You are not alone: working with stakeholders and role models
With big challenges at work, sometimes it feels like we digital types are all on our own. The weight of the project can feel like it’s totally resting on our shoulders. And no wonder: digital implementation shines the brightest light on all – even the tiniest dysfunctionalities of an organisation.
Always remember that you are not alone. I bet that if you think of a time when you came across a massive challenge on a project and overcame it, advice and support from your colleagues and stakeholders formed part of the solution.
With this in mind, don’t simply ask stakeholders to support the outcome of your project. This seems quite transactional to me. Instead, give them agency by proactively building a circle of trust where they are involved and acknowledged. Yes, this does take longer, but it reduces the number of problems you need to fix afterwards.
Are you a submarine or a tanker?
A friend and colleague once described the choice of a person embarking on a big change project like this:
“You can choose to be a submarine – people see you at the beginning and they see you at the end. Your journey is very quick but they have no idea what happened underwater. Or you can be a tanker – everyone can see you at every step in the journey. You are huge and slooooow but everyone feels that they know where you’ve been.”
Both approaches are valid for different circumstances. On that occasion I chose to be a submarine. We did some amazing things, quickly. But the amount of time I had to spend fixing things with stakeholders at the end of the project made me think that if I’d chosen to be a tanker we’d probably have gotten there a bit slower but we’d have ended the project with much happier stakeholders.
You create allies by thinking carefully about your project goals from your stakeholders’ perspective. From their point of view, complete these phrases: “I would think this is a success if…” or “I would consider this proposal if…” Better yet, ask them directly what they’d like to see happen, and find out what you have in common.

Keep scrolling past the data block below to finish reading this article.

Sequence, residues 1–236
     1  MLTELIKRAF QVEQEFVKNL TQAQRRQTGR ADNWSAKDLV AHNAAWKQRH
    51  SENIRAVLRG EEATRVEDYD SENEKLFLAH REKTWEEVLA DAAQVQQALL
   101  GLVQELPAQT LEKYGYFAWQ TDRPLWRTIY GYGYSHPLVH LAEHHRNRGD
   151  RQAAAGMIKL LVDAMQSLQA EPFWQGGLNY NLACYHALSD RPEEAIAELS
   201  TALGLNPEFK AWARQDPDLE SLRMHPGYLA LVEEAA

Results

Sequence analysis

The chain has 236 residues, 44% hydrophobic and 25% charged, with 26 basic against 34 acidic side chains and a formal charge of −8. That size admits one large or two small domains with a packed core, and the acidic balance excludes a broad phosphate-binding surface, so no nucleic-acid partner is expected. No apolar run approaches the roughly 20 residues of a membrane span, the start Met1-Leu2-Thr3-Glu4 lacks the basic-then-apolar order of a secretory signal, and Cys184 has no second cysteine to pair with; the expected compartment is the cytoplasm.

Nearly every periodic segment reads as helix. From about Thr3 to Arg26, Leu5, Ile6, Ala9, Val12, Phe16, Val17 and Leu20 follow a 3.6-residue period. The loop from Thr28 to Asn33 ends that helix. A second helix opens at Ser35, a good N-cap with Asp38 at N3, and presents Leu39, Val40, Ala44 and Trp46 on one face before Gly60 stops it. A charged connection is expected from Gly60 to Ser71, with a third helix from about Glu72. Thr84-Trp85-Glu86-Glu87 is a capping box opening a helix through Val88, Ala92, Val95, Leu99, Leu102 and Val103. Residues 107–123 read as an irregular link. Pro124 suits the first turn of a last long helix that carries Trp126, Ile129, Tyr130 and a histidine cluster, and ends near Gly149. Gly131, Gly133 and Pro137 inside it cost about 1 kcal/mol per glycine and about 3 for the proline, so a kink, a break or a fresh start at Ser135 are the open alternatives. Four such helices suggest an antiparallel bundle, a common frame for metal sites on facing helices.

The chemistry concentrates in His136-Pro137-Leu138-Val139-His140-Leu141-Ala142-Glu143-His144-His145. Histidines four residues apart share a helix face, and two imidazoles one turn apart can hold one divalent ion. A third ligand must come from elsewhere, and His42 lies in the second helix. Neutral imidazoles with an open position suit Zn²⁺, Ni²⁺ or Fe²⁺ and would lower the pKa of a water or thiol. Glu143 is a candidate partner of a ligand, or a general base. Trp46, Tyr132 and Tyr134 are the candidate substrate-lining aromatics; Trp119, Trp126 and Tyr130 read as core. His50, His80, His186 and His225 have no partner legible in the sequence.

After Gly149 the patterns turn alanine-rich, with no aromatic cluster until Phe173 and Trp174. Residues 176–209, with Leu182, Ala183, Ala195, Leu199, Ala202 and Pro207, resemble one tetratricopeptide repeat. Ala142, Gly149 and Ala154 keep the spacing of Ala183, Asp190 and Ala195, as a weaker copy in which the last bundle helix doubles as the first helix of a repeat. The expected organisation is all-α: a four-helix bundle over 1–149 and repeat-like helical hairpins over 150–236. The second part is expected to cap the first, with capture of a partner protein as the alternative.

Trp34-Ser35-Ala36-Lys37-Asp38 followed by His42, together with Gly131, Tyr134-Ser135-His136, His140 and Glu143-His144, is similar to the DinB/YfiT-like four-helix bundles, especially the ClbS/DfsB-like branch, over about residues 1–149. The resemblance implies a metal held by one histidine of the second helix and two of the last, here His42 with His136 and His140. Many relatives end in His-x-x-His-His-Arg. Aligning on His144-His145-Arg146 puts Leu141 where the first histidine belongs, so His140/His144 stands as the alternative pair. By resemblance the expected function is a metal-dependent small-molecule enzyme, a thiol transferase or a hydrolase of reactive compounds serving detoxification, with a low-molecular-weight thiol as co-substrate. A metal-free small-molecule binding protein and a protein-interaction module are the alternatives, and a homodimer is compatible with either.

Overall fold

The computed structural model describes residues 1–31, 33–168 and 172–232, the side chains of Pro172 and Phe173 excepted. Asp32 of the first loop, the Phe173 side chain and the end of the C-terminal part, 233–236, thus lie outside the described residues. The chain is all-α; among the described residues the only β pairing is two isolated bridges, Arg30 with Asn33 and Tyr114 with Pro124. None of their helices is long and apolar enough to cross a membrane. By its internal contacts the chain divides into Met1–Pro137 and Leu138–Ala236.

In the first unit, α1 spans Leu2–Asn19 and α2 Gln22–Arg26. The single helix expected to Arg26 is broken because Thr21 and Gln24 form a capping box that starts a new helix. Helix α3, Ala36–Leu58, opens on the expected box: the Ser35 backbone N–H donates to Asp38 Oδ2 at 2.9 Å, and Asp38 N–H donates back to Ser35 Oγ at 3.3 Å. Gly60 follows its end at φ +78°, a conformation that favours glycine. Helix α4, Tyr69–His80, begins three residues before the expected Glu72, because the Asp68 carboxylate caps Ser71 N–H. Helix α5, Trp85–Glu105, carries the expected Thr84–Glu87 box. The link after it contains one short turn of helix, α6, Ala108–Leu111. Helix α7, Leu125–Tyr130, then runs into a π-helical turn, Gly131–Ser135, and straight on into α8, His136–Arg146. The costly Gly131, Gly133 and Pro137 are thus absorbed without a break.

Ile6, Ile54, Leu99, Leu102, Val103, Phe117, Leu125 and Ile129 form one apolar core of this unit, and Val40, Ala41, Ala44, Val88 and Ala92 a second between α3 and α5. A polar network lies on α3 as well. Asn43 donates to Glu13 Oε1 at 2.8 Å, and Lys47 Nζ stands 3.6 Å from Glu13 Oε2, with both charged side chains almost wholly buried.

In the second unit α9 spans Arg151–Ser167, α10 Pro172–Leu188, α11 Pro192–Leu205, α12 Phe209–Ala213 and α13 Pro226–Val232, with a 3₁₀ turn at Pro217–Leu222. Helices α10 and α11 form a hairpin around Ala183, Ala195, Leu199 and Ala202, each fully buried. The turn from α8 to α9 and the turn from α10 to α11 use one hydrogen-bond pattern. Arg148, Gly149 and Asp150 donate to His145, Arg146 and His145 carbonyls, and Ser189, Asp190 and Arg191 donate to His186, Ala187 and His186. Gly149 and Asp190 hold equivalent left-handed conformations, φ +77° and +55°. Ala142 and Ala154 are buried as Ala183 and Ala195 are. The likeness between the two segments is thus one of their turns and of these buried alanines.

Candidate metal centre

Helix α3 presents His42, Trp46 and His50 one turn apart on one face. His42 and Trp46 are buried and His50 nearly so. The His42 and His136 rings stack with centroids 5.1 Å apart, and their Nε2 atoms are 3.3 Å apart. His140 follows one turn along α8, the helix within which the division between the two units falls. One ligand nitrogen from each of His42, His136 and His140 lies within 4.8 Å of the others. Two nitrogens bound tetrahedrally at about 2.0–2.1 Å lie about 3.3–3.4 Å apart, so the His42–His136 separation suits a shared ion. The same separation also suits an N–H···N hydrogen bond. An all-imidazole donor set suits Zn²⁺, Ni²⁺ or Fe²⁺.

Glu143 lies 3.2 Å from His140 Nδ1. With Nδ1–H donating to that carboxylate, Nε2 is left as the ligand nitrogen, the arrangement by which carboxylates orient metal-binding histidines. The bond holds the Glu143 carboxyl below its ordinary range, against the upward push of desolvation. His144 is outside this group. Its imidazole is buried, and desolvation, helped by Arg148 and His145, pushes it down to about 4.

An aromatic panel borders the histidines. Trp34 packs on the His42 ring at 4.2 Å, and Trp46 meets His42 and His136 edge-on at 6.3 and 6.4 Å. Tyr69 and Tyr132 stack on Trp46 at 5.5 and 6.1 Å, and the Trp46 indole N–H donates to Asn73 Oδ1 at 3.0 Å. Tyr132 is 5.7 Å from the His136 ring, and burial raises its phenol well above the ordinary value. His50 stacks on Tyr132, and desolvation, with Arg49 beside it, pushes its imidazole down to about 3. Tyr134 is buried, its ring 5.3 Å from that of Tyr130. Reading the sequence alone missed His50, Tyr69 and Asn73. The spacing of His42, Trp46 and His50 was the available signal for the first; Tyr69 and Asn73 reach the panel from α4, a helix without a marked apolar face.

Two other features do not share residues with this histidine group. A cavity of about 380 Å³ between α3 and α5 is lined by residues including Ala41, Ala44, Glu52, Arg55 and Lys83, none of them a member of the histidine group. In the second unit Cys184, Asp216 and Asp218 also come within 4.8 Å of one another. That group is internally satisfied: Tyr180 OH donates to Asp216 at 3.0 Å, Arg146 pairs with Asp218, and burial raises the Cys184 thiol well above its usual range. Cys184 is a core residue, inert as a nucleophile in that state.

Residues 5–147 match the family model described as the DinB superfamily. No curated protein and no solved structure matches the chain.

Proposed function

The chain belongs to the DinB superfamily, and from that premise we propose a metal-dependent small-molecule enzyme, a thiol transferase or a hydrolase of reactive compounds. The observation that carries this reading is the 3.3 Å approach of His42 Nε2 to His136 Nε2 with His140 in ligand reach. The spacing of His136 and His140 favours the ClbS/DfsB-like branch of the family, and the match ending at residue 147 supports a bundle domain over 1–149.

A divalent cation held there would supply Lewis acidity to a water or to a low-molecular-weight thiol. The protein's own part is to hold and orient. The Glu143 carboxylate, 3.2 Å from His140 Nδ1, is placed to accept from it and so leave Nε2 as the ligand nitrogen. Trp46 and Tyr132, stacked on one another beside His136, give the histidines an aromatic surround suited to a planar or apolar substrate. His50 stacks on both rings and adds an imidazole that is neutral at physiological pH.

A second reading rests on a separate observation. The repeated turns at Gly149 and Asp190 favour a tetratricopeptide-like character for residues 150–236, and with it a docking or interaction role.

Don’t just suspect that someone might be hostile to your project. You don’t know what they are thinking, so ask them! Then practice deep listening to help you address their real concerns and get them onside.
Learning by role models
There’s no greater compliment than someone saying: “I feel that I could learn from you”. A respected colleague whose way of working you admire makes an ideal role model – not least because you can ask them for advice fairly informally. A role model doesn’t have to be more senior or more experienced; they need to be really good at something that you want to do. Which also means that you can have different role models for different things.
You can use conferences, seminars, blogs and social media to discover role models from different organisations who are likely to be delighted to share their war stories and let you in on the secrets of their success with similar projects. This can be formalised into a mentoring or coaching relationship, but it doesn’t have to be.
Remember those role models in the public eye, too. You can find inspirational people by scrolling on Instagram, watching TED Talks, or reading the autobiographies of successful people – any place that people are open about their thought processes, and the steps they took to get where they are in life. Put yourself in their shoes and from that perspective think about how they would think about your project and situation. It’s a great way of getting out of the vicious circle of the same thought process we often fall into.
When times get tough in a change process you will almost certainly find that your colleagues and stakeholders are happy to help, and sometimes they may not even be aware of it. You never need to walk alone.